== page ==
By the way, you mentioned octane. The manufactured does not give an octane recommendation at all, as far as I cane see. I guess that means the engine can operate with normal fuel.
 
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The only time viscosity of 2 cycle oil becomes much of a consideration is in oil injected applications in cold weather use. Think snowmobiles or sometimes ATVs. When premixed with gas it doesn’t matter.
 

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I have never seen a 2-cycle oil with a viscosity rating. Since the oil is diluted so much, the viscosity is not really a factor.
Yeah, that makes perfect sense.

The only time viscosity of 2 cycle oil becomes much of a consideration is in oil injected applications in cold weather use. Think snowmobiles or sometimes ATVs. When premixed with gas it doesn’t matter.

Isn't always premixed in 2 stroked engines? Or are there any 2T engine with a carter?
 
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Yeah, that makes perfect sense.



Isn't always premixed in 2 stroked engines? Or are there any 2T engine with a carter?
For small power equipment yes they all use premix but larger 2 stroke machines are often oil injected so you don’t mix the oil and gas yourself.
 

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For small power equipment yes they all use premix but larger 2 stroke machines are often oil injected so you don’t mix the oil and gas yourself.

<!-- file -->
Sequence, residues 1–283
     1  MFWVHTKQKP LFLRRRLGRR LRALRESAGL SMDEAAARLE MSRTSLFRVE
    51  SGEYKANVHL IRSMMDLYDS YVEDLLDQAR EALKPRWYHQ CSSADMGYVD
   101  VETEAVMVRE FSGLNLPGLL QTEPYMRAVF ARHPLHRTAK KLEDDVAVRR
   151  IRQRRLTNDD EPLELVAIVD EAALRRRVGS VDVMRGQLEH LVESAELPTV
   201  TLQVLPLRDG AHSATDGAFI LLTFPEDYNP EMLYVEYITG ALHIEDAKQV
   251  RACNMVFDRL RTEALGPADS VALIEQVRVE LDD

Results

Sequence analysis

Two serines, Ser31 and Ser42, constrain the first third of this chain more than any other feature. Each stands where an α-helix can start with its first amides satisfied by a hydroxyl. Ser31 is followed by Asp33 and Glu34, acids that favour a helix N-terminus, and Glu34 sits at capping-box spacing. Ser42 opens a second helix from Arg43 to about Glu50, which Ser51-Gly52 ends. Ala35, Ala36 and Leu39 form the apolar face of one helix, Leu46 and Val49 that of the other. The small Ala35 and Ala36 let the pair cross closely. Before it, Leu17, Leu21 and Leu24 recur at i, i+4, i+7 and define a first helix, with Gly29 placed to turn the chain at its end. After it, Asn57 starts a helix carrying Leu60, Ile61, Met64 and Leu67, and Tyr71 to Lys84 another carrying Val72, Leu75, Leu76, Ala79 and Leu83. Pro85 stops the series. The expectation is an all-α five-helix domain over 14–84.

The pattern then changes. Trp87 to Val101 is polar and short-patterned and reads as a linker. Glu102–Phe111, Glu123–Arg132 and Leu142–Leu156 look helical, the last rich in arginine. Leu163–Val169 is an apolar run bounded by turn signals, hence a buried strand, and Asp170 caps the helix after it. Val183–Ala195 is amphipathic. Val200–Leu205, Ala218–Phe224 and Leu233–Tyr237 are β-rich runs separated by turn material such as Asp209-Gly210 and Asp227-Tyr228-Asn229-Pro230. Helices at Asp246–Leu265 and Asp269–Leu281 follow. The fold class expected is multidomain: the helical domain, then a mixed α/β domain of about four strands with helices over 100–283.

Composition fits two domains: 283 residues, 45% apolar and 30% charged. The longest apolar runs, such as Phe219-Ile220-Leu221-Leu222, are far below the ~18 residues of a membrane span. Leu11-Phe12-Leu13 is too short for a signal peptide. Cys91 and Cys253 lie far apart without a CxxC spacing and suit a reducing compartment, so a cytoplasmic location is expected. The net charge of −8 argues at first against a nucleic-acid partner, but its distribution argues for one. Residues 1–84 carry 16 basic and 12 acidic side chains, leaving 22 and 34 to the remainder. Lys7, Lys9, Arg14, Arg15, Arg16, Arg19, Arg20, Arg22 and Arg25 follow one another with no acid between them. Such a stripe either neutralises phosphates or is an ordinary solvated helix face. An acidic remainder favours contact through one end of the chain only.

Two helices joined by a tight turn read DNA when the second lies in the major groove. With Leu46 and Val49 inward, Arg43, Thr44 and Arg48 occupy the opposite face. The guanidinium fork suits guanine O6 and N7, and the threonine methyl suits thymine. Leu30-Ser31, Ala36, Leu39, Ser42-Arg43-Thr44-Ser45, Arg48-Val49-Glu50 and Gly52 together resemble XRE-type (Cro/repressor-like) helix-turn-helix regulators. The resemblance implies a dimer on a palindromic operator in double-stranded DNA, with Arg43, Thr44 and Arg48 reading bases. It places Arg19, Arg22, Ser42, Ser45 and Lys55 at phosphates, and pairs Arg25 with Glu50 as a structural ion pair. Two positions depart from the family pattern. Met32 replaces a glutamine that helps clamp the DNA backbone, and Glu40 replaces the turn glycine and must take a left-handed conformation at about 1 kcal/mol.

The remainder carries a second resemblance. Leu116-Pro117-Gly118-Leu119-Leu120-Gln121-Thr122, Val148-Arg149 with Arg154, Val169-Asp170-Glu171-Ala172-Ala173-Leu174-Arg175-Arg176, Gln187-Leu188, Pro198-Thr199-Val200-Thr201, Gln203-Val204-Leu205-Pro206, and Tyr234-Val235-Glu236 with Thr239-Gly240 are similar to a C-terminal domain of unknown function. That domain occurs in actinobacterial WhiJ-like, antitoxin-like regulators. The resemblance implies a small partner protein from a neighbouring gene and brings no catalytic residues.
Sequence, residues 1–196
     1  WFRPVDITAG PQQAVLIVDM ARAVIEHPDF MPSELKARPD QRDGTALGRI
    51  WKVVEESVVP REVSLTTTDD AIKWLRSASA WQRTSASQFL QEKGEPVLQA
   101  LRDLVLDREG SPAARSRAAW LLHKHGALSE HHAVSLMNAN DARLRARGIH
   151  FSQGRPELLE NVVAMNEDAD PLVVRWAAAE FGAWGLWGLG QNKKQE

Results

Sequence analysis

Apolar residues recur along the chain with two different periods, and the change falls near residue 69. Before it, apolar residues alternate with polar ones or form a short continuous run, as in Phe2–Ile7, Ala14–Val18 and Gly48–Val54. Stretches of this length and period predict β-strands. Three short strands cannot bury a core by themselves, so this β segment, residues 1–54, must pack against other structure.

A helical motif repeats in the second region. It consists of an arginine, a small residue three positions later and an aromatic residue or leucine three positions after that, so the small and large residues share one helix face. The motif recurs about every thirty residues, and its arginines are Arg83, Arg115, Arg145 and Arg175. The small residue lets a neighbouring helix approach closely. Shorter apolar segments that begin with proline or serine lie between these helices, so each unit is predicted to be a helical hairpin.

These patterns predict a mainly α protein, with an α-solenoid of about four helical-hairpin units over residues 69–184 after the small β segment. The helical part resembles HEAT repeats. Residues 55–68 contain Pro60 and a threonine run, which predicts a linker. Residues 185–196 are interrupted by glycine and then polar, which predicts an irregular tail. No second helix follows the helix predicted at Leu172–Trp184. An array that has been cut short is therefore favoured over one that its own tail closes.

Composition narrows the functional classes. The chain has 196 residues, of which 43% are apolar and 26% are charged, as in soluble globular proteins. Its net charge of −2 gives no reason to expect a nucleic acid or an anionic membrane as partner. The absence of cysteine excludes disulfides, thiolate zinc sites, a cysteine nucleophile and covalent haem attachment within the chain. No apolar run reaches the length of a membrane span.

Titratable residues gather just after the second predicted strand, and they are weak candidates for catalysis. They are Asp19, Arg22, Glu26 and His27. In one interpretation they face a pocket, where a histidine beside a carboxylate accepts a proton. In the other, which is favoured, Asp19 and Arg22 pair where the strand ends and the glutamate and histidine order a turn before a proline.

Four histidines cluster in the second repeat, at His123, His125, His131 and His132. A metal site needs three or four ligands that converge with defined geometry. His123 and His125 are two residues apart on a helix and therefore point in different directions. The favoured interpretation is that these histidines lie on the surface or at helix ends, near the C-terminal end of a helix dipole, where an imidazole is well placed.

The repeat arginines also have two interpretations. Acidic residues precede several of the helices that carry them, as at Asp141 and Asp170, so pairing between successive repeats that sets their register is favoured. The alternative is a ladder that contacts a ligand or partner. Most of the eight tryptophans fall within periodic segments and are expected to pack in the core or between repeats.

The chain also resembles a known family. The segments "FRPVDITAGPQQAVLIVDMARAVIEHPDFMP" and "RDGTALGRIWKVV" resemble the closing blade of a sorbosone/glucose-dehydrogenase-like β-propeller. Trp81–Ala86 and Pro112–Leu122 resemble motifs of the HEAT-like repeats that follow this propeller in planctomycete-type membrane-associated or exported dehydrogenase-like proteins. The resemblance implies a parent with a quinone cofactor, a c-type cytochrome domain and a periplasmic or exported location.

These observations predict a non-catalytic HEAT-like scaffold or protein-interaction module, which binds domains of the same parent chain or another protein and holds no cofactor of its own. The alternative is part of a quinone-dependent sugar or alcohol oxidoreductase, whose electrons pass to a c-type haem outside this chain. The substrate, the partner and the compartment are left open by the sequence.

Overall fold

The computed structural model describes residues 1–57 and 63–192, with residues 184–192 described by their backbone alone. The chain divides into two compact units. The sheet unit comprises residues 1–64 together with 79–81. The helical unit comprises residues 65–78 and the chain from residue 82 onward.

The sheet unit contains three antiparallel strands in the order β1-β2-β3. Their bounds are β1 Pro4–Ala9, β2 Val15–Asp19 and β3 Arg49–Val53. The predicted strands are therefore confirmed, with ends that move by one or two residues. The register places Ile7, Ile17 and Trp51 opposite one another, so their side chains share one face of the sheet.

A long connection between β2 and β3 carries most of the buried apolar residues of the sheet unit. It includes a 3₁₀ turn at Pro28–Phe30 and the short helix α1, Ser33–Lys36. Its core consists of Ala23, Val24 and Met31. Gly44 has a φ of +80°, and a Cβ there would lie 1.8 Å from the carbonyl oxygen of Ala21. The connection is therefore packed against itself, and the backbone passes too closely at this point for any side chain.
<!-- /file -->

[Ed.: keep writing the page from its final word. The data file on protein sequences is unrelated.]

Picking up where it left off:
OK. I got it. The mix happens during injection. I guess that's a way to ensure that the right ratio of fuel and oil is always provided to the engine.


Amsoil may say that it is JASO FD certified but it is not according to JALOS
I think as @Brian123 also mentioned that Amsoil does the same with other products of its range too. Anyway, it's not really cheaper than Husqvarna or Stihl synthetic oils. For cars it makes sense to buy motor oil from other manufacturers, because the oil from the dealership is always way too expensive, but as I said it seems that's not the case for 2T mix oils.
 
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Just use the husky oil. If you keep everything in good working order you will never wear it out because of oil unless you are using it professionally day in and out. Even then oil isn’t going to be an issue.

If it has the Jasco FC/FD rating or is from a reputable 2 stroke manufacture like Husky, Stihl, Echo or whatever you won’t have an issue.
 
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Jaso FD is the oil spec.

The viscosity of the oil doesn’t matter because it’s being mixed with gasoline at 50 parts gasoline to 1 part oil; it’s viscosity is thus the same as gasoline (very thin)

Run 50:1 ratio. It’s all the engine needs. It will last longer and have less issues at 50:1 than running it at 40:1 or 32:1. More oil causes more carbon which scores the cylinders and causes premature wear and compression loss.

How much use on this machine? Commercial? Home owner? If it’s a home owner trimmer, and will realistically use less than a gallon of fuel per year, you can’t go wrong with the premixed fuel. It’s a solid buy. $4.98 a can at Home Depot and uses very good JASO FD synthetic oil by VP Racing fuels.
 
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As others have mentioned, you need an oil that is JASO FD certified. My Husky dealer sells their XP+ oil for a competitive price so that's what I use now. It doesn't have any offensive smell when it's burned so that's a plus.